Additional Resources:

Other Resources

Other Clearinghouses

The table below lists several government and private organizations that maintain databases similar to and that identify what works in other disciplines.

The programs contained in these databases may or may not overlap with those found on When a program on does appear in another database, we note that on the program's summary page.

Government Clearinghouses
Program Library Sponsoring Agency/Organization
Guide to Community Preventive Services U.S. Department of Health and Human Services, Centers for Disease Control and Prevention
Model Programs Guide U.S. Department of Justice, Office of Juvenile Justice and Delinquency Prevention
National Mentoring Resource Center U.S. Department of Justice, Office of Juvenile Justice and Delinquency Prevention
What Works Clearinghouse U.S. Department of Education, Institute of Education Sciences
Non-Government Clearinghouses
Program Library Sponsoring Organization
Blueprints for Healthy Youth Development (formerly Blueprints for Violence Prevention) University of Colorado, Center for the Study and Prevention of Violence
Campbell Collaboration Library of Systematic Reviews The Campbell Collaboration
Evidence-Based Policing Matrix George Mason University, Center for Evidence-Based Crime Policy
Promising Practices Network RAND Corporation and these other clearinghouses are complementary resources. has a more general focus that includes all of criminal justice, juvenile justice and crime victim services. The clearinghouses each have differing but related or narrower focuses. As examples:

  • The U.S. Department of Education's What Works Clearinghouse addresses the evidence base related to programs, products, practices and policies in education.
  • The Model Programs Guide focuses on programs related to the juvenile justice system and covers all aspects of youth services, from prevention through sanctions to reentry.

In most cases, the clearinghouses use different systems and processes to rate their programs. The exceptions to this are the OJJDP-funded Model Programs Guide and National Mentoring Resource Center, which use the same rating methodology and instruments as

Resources on Programs, Practices and Decision-Making

Are you interested in implementing programs or conducting program evaluations? If so, the following material should be of interest:

Being Smart on Crime With Evidence-Based Policing
In this National Institute of Justice NIJ Journal article from March 2012, Chief Jim Bueermann (Ret.) reflects on how law enforcement agencies can do a better job of using science to reduce crime by adopting evidence-based policing as a standard practice and by partnering with universities or colleges. Evidence-based policing leverages the country's investment in police and criminal justice research to help develop, implement and evaluate proactive crime-fighting strategies that may prove more effective and less expensive than the traditional response-driven models.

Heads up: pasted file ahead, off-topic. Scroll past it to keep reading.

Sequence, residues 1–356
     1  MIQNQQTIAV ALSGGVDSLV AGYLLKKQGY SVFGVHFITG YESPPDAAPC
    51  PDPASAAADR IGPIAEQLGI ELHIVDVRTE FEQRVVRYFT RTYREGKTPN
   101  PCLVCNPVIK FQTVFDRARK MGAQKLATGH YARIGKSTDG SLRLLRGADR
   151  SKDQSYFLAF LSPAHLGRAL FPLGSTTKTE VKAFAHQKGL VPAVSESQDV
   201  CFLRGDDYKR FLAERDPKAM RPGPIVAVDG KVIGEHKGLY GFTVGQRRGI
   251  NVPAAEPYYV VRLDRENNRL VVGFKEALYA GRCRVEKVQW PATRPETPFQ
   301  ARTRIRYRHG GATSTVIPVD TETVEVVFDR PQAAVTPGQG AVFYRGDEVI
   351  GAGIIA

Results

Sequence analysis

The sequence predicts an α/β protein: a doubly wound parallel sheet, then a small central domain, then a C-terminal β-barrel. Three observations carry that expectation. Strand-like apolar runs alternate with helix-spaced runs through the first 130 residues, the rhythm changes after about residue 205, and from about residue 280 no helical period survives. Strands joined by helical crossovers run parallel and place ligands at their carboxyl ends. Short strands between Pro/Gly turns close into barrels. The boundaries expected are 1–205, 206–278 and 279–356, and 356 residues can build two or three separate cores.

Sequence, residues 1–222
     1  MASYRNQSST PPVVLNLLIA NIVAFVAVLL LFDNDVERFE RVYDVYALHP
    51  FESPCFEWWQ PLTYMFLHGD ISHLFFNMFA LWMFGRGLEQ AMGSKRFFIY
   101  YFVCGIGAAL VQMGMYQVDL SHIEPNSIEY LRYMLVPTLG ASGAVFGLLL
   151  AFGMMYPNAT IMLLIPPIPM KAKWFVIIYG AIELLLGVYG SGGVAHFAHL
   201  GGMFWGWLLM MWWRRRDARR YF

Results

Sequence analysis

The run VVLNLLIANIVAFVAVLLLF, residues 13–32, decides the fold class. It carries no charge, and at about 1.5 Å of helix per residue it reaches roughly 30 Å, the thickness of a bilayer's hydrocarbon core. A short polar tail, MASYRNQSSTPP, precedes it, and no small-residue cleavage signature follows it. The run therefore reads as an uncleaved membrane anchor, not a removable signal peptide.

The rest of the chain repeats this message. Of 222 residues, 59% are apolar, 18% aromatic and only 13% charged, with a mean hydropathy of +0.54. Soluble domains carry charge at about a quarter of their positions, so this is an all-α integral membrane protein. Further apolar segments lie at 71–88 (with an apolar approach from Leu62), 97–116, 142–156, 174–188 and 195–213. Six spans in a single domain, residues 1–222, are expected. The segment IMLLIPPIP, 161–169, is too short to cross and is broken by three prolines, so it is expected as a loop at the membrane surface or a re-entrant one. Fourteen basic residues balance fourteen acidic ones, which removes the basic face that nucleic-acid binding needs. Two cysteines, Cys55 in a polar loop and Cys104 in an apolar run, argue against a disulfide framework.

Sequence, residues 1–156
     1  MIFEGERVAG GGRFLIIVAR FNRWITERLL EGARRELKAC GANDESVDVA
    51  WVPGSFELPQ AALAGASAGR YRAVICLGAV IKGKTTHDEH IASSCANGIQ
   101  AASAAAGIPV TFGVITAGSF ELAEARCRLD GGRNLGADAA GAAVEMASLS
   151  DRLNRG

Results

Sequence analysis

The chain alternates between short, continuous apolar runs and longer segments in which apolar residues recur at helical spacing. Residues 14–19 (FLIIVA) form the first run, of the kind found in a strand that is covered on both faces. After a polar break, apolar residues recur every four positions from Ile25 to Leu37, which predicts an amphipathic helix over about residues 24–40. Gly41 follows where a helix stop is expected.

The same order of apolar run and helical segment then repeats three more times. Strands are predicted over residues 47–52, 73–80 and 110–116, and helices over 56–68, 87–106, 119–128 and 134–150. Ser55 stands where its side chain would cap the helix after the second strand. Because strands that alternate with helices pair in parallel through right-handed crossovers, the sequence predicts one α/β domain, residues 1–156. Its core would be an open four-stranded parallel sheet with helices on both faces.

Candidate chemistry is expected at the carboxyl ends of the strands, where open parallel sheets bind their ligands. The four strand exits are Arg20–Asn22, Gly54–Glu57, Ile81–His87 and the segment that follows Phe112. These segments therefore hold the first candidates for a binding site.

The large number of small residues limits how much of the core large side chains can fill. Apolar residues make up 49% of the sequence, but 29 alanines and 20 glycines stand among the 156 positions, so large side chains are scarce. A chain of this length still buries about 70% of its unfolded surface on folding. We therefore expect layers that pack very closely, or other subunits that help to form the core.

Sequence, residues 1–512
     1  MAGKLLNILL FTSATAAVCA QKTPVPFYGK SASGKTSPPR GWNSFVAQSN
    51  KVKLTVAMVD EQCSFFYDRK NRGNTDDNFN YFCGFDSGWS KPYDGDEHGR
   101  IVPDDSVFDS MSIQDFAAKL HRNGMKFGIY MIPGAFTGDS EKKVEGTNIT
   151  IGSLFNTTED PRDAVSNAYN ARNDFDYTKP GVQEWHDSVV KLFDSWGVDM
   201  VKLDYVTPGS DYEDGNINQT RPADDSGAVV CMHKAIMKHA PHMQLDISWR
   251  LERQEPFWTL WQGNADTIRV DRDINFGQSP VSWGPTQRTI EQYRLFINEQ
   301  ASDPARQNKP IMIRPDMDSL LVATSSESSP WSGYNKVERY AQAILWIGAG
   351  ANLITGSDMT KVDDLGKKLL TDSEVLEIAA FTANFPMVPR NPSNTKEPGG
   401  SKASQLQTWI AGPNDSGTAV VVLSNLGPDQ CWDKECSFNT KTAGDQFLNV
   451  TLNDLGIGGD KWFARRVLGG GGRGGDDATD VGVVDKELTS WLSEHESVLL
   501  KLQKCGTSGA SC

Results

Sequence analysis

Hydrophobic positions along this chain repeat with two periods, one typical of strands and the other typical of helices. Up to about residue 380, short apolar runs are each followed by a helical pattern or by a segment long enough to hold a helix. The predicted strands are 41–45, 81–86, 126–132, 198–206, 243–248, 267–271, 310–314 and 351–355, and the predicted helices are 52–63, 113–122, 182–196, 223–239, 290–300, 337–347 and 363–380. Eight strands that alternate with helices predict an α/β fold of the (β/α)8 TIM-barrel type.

Is This a Good-Quality Outcome Evaluation Report? A Guide for Practitioners
This guide was produced by the Justice Research and Statistics Association and the Bureau of Justice Assistance to provide practitioners with a basis for distinguishing the differences between good- and poor-quality evaluation reports.

Understanding Evidence
This free online resource developed by the Centers for Disease Control and Prevention offers practitioners, and others working to prevent violence, some important knowledge and resources for using evidence in their decision-making processes. This site is designed primarily for violence prevention practitioners, but anyone working to prevent violence in their communities will find the information useful.

Understanding Evidence, Part 1. Best Available Research Evidence: A Guide to the Continuum of Evidence of Effectiveness
In this guide, the Centers for Disease Control and Prevention aims to explain the purpose and meaning of the Continuum of Evidence of Effectiveness, a tool that was developed to facilitate a common understanding of what the Best Available Research Evidence means in the field of violence prevention. This Continuum also serves to provide a common language for researchers, practitioners and policymakers in discussing evidence-based decision-making.

Evidence Integration at the Office of Justice Programs

OJP's Evidence Integration Initiative is focused on improving the synthesis and translation of social science research findings to inform practice and policy in criminal justice, juvenile justice and victim services. accomplishes this primarily by assessing the quality and findings of program evaluation evidence to try to answer the question, "Does this program work?"

To examine this broad base of research and statistical findings and seek answers to a range of practical policy questions, OJP partnered with the Office of Community Oriented Policing Services and the Office on Violence Against Women to create two internal Evidence Integration Teams, which focused on two topic areas: gangs, and children exposed to violence. These topical areas were selected because they present significant challenges for the field and are priorities for OJP. Included in the resources below are highlights of the findings from these Evidence Integration Teams.

See the results of this work on